Unlike the recognised Big 4 of Thrash, Exodus are little closer to the underground and it shows. Some songs are seriously loose and feel like they could fly off stage at any moment. Zetro’s wildman delivery certainly helps. How else does one explain the intensity of ‘Slipping into Madness’? Gary Holt’s riffs are an adrenaline shot to compliment Zetro’s vocal histrionics, and his combination with Lee Altus is up there with the great pairings in metal. On this track Jack Gibson’s rumble gets a featured role in the bridge before the guitars get their solos. Despite really being Holt’s band for 40 years, everyone involved gets their licks in and adds to the personality of the songs. The backbone is the tight drumming of Tom Hunting, who keeps the whole thing together on songs like ‘Elitist’ (which is more hardcore sounding on verses) and ‘Clickbait’. I mean if ‘Clickbait’ doesn’t have you thrashing like a maniac nothing will. Dealing with news outlets that promote false or misleading news headlines for “clicks”, it is a straight ahead energetic speed metal anthem with another catchy chorus.
One of the notable aspects of Exodus’ sound, at least this millennium, is that they don’t shy away from exploring other forms of musical violence. ‘Prescribing Horror’ is a gloomy, gothic track that evokes horror movies and may well be a reflection of Holt playing ‘South of Heaven’ with Slayer every night for several years. The baby crying is heartbreaking, an unsettling sample that takes this out of a casual listen and demands your attention. ‘The Years of Death and Dying’ is a mid tempo track with a heavy iron-clad riff that has Holt soloing during the chorus. The chorus is a full on hook for chanting back at the band that will be a sweet addition to the setlist. I could decide whether I should air guitar or sing along. How the hell am I meant to keep a hand on the steering wheel? [Note: Wall of Sound does not condone playing air guitar while driving, it is a stupid thing to do when you can air guitar safely on the bus.] There is a short acoustic jam (‘Cosa Del Pantano’) that leads into ‘Lunatic Liar Lord’. Heathen guitarist (and Exodus touring member) Rick Hunolt joins Holt and Altus for a triple guitar thrash-fest that runs nearly 8 minutes. It goes hard and fast for a few minutes but also sits back with some melodic and demonic riffage too. Zetro’s voice really sounds powerful on songs like this, where he isn’t trying to keep up with the tempo and can annunciate the lyrics with some well placed backing vocals. ‘Antiseed’ is a great closer than shifts between fast and slower tempos, a violent and dangerous track that has a serious snarl in the chorus.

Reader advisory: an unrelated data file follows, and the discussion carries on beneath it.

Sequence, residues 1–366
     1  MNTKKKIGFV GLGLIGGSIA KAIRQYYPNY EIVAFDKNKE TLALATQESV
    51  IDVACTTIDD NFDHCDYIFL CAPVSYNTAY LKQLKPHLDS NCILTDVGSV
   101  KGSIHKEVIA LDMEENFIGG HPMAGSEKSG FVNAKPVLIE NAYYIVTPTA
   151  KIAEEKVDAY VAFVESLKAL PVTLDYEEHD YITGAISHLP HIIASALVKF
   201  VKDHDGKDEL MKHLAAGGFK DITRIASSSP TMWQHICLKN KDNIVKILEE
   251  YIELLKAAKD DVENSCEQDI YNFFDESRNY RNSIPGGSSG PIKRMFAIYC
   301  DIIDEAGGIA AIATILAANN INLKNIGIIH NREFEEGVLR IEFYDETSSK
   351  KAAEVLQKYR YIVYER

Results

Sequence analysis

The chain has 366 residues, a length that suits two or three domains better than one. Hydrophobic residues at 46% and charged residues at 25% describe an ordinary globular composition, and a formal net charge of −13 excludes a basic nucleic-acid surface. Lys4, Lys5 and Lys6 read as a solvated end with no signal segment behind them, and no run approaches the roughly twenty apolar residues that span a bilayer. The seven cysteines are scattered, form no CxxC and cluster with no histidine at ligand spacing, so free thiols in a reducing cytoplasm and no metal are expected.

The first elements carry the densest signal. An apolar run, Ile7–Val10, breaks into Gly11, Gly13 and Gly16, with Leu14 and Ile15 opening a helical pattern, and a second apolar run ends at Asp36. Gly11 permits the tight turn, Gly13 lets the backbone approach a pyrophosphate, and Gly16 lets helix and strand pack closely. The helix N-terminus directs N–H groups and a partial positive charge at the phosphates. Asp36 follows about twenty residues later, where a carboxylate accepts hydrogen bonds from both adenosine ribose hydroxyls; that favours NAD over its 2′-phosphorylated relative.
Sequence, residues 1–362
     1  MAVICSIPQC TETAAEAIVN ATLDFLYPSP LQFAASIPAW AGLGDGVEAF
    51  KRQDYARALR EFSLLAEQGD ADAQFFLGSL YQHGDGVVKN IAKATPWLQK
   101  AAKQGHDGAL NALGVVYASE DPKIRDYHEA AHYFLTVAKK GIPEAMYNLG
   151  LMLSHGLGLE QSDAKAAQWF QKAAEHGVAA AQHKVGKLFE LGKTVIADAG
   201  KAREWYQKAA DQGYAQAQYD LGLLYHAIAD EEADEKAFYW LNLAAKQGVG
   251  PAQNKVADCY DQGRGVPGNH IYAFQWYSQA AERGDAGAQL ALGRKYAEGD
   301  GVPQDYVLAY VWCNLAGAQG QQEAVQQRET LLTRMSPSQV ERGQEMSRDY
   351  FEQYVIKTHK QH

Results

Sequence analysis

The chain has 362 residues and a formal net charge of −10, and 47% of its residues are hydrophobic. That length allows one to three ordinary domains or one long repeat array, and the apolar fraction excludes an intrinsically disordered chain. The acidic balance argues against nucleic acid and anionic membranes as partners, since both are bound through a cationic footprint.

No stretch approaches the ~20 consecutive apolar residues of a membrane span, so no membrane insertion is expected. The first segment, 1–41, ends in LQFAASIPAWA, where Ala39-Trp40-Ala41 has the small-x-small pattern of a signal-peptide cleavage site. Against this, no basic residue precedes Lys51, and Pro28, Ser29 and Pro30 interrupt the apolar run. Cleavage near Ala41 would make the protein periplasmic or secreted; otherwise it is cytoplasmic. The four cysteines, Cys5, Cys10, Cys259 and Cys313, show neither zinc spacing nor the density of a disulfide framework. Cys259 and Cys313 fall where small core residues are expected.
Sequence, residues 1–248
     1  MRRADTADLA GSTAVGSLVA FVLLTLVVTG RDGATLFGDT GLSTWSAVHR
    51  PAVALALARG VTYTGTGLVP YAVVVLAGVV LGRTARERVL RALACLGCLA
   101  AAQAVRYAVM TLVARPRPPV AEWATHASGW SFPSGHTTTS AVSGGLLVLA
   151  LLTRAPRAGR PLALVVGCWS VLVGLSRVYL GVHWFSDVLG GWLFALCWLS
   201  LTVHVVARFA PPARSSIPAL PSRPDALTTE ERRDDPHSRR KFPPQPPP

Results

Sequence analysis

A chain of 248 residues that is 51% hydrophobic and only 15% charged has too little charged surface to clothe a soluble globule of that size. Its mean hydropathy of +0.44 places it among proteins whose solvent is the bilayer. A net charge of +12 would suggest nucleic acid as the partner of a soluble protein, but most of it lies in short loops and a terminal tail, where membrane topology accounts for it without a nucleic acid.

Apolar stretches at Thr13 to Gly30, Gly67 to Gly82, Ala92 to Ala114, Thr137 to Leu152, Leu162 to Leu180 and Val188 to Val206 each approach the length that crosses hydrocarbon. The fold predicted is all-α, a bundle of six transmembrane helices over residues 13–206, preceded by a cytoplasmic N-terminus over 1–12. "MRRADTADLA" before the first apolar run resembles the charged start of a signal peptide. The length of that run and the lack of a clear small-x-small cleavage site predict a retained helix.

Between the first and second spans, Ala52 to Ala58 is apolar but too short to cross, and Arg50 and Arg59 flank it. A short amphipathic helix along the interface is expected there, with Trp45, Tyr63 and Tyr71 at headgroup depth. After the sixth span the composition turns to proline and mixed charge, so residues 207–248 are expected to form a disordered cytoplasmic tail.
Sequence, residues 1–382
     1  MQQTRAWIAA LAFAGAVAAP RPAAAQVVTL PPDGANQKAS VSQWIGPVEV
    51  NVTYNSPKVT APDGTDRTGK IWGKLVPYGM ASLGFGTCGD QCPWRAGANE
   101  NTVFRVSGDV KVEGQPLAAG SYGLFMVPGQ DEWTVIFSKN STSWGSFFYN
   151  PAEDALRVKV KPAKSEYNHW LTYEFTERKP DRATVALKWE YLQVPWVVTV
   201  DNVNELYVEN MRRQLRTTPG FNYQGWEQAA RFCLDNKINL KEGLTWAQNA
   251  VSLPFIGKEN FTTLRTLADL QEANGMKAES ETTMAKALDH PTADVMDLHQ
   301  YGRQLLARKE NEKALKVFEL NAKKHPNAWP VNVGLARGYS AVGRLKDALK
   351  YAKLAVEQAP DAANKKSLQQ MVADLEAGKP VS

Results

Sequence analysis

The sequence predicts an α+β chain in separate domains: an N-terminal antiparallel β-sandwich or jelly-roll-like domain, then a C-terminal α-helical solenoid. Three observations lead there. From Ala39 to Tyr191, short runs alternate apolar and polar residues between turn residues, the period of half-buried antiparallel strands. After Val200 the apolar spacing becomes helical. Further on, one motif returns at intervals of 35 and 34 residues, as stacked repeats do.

Ultimately, Persona Non Grata has been worth the wait. There is all the good shit that you expect from Exodus and little filler. Andy Sneap has done an awesome job on the mix and the whole thing sounds contemporary, full blooded and undeniably sharp. What stands out most is just how hooky the album is, from the riffs to the choruses. Maybe the prolonged gestation has allowed the band to sift through riff tapes and hone their lyrics to the point that this album is a powerful statement that both celebrates their legacy and enhances it.
Exodus – Persona Non Grata tracklisting:
1. Persona Non Grata
3. Slipping Into Madness
5. Prescribing Horror The Beatings Will Continue (Until Morale Improves)
6. The Years Of Death And Dying
8. Cosa Del Pantano
9. Lunatic Liar Lord
10. The Fires Of Division